Jason the main character in the book wakes up on a school bus filled with delinquent kids that are going on a field trip to an historical site. He Makes friends with Piper and leo, who think they have been friends for months. Here on the field trip he has his very first fight that doesn’t end so well. He then finds camp halfblood, a camp for greek demigods, and goes on a quest where is most likely to die. But the entire time piper has a big secret that either kills her or her best friends. Loe also has a big secret that is a bad omen, which means he is more than likely going to be the cause of many deaths. Battle after battle the three try to succeed on their quest. Until the final battle where they are sure to lose and fail saving the world.
I started reading the book because I loved the percy jackson series. I had only one doubt about the book. I didn’t like how they had new character. I thought that the entire book was going to be horrible. But in the end I liked it just the same. I liked how it brought in new characters and used most of the characters in the Percy Jackson series. It was one of the best books I have ever read. Almost every time I stopped to do something else I couldn’t wait to read more. This is one of the series I recommend. You definitely need to get this book. Written by Camden, 7th grade
The best thing about this book is that there are more kids. It just makes for a little more humor when you have kids interacting with other kids instead of adults. Now that Sadie and Carter are helping to train some new kids at Brooklyn house there is rooms for some new and interesting characters.
-- “Felix believed that the answer to every problem involved penguins; but it wasn't fair to birds, and I was getting tired of teleporting them back home. Somewhere in Antarctica, a whole flock of Magellanic penguins were undergoing psychotherapy.”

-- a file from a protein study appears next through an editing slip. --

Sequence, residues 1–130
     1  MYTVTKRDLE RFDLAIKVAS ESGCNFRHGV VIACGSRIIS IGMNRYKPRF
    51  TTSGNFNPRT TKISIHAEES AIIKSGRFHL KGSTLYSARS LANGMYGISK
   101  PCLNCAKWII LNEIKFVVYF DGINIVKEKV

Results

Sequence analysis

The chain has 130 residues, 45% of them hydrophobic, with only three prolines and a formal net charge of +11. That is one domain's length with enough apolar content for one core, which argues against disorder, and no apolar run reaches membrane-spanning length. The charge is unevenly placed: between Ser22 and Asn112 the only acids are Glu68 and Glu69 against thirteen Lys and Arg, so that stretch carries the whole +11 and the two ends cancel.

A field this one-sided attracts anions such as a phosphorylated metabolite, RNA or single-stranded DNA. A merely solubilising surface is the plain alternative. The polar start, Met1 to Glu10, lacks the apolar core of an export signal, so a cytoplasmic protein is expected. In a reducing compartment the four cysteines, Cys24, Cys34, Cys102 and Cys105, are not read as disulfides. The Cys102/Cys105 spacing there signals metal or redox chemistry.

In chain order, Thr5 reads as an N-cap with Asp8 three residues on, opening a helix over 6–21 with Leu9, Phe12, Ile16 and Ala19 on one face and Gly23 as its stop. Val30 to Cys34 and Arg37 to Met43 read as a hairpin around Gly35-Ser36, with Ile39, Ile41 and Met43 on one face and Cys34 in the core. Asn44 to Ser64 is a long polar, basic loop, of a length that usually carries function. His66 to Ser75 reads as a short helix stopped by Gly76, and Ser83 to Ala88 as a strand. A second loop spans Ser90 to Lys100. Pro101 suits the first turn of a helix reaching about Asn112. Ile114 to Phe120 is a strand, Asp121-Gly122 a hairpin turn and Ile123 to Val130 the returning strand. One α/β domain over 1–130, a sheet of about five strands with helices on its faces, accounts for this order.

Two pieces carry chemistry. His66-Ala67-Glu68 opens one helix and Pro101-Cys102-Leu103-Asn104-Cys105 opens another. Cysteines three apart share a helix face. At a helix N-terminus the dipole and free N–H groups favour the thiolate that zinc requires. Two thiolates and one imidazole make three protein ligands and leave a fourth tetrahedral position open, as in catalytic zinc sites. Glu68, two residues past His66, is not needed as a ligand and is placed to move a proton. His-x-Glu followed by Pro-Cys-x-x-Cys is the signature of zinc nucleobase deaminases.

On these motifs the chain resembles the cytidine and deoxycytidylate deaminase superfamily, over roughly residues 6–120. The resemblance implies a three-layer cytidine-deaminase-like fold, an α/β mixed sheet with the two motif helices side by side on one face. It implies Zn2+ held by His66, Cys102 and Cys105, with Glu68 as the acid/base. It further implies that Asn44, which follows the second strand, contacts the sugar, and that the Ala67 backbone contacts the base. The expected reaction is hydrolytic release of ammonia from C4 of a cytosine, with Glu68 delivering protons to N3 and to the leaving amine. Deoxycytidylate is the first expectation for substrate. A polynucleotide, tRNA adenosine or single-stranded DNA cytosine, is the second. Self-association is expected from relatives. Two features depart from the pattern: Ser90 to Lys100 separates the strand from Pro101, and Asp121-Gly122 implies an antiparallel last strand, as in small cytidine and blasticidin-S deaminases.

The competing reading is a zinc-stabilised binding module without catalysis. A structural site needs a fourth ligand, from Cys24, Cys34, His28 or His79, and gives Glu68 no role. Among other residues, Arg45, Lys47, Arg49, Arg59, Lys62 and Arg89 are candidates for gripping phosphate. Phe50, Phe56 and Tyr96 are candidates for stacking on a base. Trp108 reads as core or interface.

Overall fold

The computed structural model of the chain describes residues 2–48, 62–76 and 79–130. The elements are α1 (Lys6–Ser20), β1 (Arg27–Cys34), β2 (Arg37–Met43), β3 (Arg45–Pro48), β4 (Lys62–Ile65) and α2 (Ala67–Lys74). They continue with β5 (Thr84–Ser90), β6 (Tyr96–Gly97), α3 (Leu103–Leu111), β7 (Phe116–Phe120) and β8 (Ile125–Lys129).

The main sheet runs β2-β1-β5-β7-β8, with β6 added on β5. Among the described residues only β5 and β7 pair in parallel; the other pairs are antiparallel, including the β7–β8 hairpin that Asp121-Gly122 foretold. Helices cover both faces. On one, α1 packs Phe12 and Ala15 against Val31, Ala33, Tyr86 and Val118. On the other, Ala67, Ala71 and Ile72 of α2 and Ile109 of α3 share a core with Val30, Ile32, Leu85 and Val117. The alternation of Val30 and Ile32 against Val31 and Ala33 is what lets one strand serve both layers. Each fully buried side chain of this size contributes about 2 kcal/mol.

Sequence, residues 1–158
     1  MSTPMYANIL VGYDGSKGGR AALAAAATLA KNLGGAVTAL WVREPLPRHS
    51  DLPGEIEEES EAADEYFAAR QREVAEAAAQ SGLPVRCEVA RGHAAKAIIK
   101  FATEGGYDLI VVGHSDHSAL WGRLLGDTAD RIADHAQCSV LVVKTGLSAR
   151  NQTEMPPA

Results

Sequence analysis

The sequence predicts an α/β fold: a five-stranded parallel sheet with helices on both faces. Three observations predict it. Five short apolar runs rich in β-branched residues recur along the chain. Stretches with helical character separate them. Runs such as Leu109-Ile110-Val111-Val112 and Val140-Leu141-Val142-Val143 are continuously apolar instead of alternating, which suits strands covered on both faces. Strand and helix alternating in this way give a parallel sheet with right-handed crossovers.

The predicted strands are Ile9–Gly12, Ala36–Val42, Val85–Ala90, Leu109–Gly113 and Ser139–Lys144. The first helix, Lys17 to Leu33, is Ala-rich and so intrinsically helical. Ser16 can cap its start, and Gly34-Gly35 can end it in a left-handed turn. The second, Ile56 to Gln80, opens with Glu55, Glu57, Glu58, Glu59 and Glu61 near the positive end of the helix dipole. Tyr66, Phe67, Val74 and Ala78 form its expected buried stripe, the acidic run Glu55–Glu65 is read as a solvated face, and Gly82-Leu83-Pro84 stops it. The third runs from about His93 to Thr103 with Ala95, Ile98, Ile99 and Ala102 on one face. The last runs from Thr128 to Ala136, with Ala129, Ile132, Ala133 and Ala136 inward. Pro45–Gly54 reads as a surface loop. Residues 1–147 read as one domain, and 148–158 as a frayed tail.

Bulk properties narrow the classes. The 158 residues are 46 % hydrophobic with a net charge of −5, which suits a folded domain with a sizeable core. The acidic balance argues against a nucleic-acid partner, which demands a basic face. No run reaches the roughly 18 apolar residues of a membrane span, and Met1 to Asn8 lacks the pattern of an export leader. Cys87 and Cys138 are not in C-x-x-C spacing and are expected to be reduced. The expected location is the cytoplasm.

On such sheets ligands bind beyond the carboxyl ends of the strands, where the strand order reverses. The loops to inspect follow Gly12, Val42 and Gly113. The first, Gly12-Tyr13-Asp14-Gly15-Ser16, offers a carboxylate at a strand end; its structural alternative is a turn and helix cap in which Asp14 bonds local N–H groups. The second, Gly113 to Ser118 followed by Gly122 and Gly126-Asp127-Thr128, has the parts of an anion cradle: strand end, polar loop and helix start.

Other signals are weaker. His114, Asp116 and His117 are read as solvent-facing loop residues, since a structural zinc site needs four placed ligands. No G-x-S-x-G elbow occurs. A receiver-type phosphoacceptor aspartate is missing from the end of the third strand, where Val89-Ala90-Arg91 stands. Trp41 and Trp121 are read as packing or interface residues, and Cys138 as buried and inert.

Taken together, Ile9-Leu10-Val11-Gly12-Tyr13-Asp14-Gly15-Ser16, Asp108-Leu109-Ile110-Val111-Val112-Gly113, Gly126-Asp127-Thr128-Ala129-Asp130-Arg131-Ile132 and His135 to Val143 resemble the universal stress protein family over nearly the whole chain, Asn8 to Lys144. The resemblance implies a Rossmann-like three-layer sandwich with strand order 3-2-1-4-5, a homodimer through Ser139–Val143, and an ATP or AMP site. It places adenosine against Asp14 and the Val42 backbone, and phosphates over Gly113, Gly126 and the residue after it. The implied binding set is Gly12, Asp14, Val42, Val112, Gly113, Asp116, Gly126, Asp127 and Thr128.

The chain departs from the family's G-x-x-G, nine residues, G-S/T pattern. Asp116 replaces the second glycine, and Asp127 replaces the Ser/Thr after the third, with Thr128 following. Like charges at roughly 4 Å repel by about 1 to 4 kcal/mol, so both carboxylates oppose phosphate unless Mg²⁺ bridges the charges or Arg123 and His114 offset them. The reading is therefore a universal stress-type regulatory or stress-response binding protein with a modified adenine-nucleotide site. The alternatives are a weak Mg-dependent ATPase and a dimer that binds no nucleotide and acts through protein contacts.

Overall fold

Carter and Sadie need to find a way to awaken Ra if they are going to beat Apophis (god of Chaos) but he has been missing for quite awhile and they will need to find some ancient artifacts to help them.
RR adds his own spin on Egyptian mythology and ‘The Gods’ that is entertaining, informative and interesting. I always feel like I’m learning about the culture as well as being entertained by the story. There were all kinds of new gods and obstacles to deal with along the way and Sadie and Carter have to prove even to the gods that want Ra to return they are strong enough to complete the task.
I love the sibling relationship between Cater and Sadie. They antagonize and provoke each other but they are also the firt to stand up and fight for their sibling if they are ever in danger. Sadie’s PoV chapters were my favorites but that is probably because she is so snarky and gets to have most of the funny lines.
- “Our camels plodded along. Katrina tried to kiss, or possibly spit on Hindenburg, and Hindenburg farted in response. I found this a depressing commentary on boy-girl relationships.”
Carter still feels responsible for Zia and has been trying to find her ever since he found out she was hidden away for her safety. But he might just be a little obsessed, so much so that he is seeing clues everywhere.
- “Carter, not to be unkind," I said, "but the last few months you've been seeing messages about Zia everywhere. Two weeks ago, you thought she was sending you a distress call in your mashed potatoes."
"It was a Z! Carved right in the potatoes!”
There is always something happening with all the mini quests before the big one and I will say that Ra really wasn’t what I was expecting, which kinda made it all the better. Who said waking up a god would be easy never went looking for one with and evil Ice Cream vendor hot on their trail.
Add in the hint of a blossoming romance between Sadie and Walt or Sadie and Anubus and this story has a little bit of everything. It is the cutest crush triangle I’ve read and I’m not sure which way I want it to go. All in all a fun and entertaining ride. Sure this is a MG book but it is just as fun for kids of all ages.
If you haven’t read the Percy Jackson series I’d say read that first (so much better than the movies). But if you have might as well expand your RR mythology and add a little Egyptian to it.